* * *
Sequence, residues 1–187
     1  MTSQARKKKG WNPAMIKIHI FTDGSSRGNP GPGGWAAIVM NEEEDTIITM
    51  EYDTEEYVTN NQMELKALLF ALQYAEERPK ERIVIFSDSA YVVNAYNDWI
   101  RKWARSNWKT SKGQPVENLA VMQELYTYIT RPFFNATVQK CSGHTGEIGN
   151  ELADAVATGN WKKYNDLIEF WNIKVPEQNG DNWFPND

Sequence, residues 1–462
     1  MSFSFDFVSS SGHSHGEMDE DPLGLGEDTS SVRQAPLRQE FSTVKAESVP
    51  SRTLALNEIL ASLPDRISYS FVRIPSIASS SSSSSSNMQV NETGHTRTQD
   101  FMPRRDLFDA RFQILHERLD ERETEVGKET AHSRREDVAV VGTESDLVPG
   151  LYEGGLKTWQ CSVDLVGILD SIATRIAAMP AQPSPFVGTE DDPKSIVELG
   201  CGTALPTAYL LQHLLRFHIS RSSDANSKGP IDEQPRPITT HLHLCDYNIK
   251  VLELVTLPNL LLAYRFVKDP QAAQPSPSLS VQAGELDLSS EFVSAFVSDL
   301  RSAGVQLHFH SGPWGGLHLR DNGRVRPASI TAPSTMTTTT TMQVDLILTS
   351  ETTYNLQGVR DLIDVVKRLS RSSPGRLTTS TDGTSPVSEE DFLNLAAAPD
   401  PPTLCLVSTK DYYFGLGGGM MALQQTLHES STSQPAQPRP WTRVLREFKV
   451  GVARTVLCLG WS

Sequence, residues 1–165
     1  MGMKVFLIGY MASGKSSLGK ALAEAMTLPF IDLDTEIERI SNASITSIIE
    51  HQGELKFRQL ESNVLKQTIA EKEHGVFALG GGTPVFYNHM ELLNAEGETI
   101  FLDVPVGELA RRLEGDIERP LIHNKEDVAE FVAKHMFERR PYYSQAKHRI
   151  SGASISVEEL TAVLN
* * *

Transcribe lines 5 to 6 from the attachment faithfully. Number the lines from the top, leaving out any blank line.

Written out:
   151  ELADAVATGN WKKYNDLIEF WNIKVPEQNG DNWFPND

Sequence, residues 1–462